Who is truly rich or poor?
In December 2016, my Facebook page was flooded with vacation news and photos from friends. The wealthy parents took their kids overseas. Some travelled abroad two to three times in a month! The medium-income parents took their children on domestic holidays.
I sat down and started thinking back to when my parents first took me abroad for a holiday and realised that it had never happened. I then started wondering what the difference between a domestic and foreign holiday was to a small child. Do the children who go to the Maldives have a far better time than the ones who go to Port Dickson? Do they even notice the difference?
I think they don’t really notice or even care at all. They are children after all. They don’t have to go to school. They are on holiday doing all the things they don’t usually get to do and best of all, their parents and siblings are with them. The family spends time together, as they may never do during the busy days filled with school, tuition, extra-curricular activities, business and work.
What I am trying to say is that the place is irrelevant. The important thing about holidays is that we spend time together doing something we enjoy. We explore new places, play together and enjoy different experiences. We build memories for the days to come that will once again be filled with the rush of work, school and chores.
Happiness should not come with a price tag. Expensive toys or holidays are not a guarantee of happiness and neither do they take the place of time spent together as a family. Children are very often wise beyond their years and can perceive the true value of a gift. They often realise that a gift comes in place of time together or to make up for promises made and broken.
Love, security and comfort are what children need. They require security, understanding, a safe home and warm hugs. The smallest toy or the simplest holiday will be worth more than the finest Lego set if it brings a family together.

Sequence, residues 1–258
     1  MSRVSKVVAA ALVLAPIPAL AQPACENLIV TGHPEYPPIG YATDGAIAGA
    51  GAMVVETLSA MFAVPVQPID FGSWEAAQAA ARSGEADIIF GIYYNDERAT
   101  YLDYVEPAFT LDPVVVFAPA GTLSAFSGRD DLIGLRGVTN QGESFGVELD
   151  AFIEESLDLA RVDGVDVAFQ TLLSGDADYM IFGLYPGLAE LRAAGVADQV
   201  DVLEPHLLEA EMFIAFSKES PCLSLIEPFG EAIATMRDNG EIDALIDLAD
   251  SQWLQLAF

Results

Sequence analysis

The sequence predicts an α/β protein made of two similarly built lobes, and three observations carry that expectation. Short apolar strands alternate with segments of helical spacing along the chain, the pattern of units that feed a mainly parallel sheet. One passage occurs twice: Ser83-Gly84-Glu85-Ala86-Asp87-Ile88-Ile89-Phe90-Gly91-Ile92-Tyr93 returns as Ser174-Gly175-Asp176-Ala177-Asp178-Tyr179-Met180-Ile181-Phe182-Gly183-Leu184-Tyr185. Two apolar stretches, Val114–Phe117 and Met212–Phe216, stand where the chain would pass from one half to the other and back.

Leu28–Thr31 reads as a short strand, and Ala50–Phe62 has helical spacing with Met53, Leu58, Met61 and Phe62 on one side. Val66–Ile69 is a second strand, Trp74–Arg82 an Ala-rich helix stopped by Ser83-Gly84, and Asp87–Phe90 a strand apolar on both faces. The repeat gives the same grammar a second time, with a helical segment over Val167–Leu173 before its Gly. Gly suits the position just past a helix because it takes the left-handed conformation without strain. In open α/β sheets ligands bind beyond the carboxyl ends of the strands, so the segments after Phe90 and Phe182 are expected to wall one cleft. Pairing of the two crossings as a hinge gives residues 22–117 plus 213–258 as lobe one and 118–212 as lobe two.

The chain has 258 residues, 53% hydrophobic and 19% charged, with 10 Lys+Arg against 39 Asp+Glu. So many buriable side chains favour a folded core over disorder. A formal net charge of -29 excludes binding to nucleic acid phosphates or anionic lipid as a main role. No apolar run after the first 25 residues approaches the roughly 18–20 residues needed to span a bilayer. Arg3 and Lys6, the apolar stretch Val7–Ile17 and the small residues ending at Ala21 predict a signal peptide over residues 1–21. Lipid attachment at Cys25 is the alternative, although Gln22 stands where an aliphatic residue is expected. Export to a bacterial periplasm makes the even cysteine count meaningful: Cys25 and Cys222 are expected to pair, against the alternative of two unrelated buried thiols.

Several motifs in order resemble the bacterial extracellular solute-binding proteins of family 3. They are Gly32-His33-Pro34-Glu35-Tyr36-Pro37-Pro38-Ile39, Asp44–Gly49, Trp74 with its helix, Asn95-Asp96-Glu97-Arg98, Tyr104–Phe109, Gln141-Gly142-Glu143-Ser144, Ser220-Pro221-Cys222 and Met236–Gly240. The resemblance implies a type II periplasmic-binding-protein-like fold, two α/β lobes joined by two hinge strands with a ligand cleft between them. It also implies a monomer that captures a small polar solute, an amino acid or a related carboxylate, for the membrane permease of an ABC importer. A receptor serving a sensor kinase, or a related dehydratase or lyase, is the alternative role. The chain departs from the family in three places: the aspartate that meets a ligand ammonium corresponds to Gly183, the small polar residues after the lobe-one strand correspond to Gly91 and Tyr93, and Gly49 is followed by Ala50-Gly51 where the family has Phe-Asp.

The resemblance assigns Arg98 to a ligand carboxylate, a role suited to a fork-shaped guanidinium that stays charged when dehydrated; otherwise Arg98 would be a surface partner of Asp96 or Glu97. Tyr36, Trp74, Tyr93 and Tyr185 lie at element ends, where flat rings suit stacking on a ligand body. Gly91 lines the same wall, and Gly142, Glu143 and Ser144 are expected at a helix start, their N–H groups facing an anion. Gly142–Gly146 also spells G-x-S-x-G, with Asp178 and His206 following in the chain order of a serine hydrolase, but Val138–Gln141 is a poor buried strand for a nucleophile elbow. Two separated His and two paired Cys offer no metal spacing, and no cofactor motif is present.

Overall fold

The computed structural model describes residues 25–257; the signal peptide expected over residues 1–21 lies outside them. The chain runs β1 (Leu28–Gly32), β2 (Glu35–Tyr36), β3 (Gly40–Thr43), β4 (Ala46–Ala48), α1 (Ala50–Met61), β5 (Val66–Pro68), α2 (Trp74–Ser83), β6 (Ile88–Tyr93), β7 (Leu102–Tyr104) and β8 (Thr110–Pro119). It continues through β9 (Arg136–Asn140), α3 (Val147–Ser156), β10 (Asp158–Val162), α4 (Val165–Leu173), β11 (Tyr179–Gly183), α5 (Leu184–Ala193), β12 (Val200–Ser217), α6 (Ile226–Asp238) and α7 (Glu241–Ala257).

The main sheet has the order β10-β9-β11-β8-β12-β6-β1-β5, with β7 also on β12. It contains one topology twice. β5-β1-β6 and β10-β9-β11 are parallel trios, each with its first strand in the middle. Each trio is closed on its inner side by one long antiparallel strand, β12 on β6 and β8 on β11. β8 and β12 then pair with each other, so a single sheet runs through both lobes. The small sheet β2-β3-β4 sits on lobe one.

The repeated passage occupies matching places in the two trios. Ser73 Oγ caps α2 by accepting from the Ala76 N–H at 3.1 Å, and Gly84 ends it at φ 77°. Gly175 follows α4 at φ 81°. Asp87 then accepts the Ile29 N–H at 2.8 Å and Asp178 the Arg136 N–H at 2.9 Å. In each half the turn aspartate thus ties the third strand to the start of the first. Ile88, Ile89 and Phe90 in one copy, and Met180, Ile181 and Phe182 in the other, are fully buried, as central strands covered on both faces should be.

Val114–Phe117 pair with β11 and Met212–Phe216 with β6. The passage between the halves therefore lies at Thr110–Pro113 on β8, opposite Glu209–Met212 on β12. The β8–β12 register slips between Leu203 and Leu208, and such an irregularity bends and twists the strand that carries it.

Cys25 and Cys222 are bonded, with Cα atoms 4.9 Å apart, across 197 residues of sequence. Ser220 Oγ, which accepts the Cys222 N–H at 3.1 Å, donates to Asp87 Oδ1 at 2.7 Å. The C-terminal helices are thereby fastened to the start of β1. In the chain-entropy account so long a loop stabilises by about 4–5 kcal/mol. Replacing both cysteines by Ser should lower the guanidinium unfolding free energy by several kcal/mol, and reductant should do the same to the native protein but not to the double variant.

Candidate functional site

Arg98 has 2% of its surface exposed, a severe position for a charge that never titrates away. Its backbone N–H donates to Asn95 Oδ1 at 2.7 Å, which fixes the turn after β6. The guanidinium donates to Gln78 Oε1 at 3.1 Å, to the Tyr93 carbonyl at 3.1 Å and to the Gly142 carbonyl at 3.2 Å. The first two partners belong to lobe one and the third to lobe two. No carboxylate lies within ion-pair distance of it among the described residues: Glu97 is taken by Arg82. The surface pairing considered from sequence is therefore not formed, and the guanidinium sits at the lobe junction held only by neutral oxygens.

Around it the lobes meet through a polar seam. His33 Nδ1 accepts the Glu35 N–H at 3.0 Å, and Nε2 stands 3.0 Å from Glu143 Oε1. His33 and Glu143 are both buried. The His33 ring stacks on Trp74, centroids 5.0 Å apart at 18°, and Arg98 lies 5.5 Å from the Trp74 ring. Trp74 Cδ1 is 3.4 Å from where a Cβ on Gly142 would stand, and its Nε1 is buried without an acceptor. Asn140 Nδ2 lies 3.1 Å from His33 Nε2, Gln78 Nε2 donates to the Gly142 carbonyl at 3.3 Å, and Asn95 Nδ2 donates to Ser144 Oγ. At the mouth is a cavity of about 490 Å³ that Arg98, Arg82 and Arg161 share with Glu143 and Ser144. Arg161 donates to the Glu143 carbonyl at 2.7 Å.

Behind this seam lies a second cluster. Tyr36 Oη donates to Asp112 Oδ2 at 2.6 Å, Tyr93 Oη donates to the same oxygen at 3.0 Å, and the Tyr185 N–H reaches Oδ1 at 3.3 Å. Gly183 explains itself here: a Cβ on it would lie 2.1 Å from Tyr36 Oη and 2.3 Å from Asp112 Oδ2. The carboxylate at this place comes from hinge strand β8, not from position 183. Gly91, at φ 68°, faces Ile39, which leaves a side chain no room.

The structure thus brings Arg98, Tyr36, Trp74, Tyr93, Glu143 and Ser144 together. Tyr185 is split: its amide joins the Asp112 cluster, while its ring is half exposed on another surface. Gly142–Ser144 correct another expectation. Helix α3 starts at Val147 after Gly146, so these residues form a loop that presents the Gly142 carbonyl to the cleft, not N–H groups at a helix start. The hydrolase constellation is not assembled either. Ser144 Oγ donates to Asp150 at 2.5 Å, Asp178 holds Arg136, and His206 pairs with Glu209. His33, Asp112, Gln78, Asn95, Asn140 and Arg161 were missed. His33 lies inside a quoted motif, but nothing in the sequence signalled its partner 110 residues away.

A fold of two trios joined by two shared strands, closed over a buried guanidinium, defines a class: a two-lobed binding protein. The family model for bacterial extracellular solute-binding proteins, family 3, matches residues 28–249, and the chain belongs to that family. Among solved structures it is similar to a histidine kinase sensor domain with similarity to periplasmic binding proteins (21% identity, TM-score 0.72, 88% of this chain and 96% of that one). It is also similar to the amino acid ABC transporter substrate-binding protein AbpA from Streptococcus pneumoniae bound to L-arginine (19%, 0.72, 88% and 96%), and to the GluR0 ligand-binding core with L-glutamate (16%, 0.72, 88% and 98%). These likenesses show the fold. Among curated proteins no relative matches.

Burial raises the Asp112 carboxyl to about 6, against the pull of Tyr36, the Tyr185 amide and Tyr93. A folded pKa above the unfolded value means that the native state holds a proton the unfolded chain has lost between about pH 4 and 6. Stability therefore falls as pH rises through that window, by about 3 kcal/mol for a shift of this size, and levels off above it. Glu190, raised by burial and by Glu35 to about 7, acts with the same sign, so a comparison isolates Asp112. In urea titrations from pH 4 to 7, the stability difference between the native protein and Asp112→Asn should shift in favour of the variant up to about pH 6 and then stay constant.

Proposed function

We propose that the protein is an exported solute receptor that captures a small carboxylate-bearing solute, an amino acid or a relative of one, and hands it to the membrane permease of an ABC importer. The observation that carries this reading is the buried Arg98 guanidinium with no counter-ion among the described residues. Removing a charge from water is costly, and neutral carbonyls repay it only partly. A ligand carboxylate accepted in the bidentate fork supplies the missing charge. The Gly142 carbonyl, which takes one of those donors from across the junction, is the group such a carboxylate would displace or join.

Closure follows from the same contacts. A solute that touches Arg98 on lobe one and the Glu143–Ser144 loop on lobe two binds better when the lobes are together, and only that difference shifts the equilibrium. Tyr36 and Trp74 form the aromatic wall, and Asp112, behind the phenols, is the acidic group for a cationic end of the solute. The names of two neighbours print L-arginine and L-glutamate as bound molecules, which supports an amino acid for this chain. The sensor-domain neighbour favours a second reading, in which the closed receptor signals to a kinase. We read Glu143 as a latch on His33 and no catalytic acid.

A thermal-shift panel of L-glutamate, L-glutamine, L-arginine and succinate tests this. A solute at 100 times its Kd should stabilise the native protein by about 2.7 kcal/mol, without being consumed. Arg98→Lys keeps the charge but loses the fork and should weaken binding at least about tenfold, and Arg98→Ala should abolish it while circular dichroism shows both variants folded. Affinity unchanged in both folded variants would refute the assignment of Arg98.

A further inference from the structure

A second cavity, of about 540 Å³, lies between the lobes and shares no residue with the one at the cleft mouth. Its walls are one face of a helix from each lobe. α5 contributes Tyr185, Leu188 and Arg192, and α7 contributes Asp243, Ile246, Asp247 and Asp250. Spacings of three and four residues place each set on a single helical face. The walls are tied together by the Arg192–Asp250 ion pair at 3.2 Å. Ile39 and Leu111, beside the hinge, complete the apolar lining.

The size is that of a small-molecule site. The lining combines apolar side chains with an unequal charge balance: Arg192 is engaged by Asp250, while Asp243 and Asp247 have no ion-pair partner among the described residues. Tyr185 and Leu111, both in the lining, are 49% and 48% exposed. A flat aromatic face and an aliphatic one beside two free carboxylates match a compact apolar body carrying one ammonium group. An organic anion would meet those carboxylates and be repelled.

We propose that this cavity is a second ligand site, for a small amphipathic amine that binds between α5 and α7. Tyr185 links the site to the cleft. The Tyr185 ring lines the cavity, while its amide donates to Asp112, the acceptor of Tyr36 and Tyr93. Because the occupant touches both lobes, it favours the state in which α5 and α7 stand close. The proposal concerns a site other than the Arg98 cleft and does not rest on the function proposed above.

I met two very different mothers at a Christmas party last year. The first mother, let’s call her Mom A, gave her two daughters raincoats. They always went hiking together and I saw the happy smiles on the faces of the two girls as they thanked their mother and told her how much they loved her. I guess they were already imagining the fun times they would have.
Mom B bought an iPhone 6 Plus for her daughter and son who are both in primary school. The two children stood there holding their iPhones and asking where their Lego sets and other presents were. Surely the iPhone was not the only gift. I was stunned at this reaction.
Is there a right way to show your love for your children as far as gifts are concerned? Will Mom B lose the love of her children if she buys them “pasar malam” toys? If she does, she will have to stop and think really hard about the sort of values she has been teaching them.
No one truly values anything that comes too easily. We must teach our children to value people and gifts. They must learn to work hard and earn what they need and want. They must understand the difference between the two.
Parents need to start by showing the way. I know you don’t want your children to have it as hard as you did when you were growing up. I understand that having struggled so hard to get where you are now, you want your children to enjoy their lives, but spoiling them is not the answer.
They must learn that the ties that bind people together are not made of expensive holidays or things. What truly matters is spending time with your children, playing with them, laughing with them, teaching them, letting them fall and being there to pick them up. This will build emotional strength, confidence and character and give them what they need to face whatever life chooses to throw at them.
What matters is teaching them to work and save for the luxuries they want and giving them what they truly need. Any holiday is amazing if a family has fun together and the best gifts are the ones you share with your child.
Children need to understand that hard work and sacrifice went into their wonderful holidays and gifts and parents in turn need to realise that what they do today with their children will result in how they turn out as adults tomorrow.
Every parent has a vast responsibility when it comes to raising a child and I wish you well in your journey.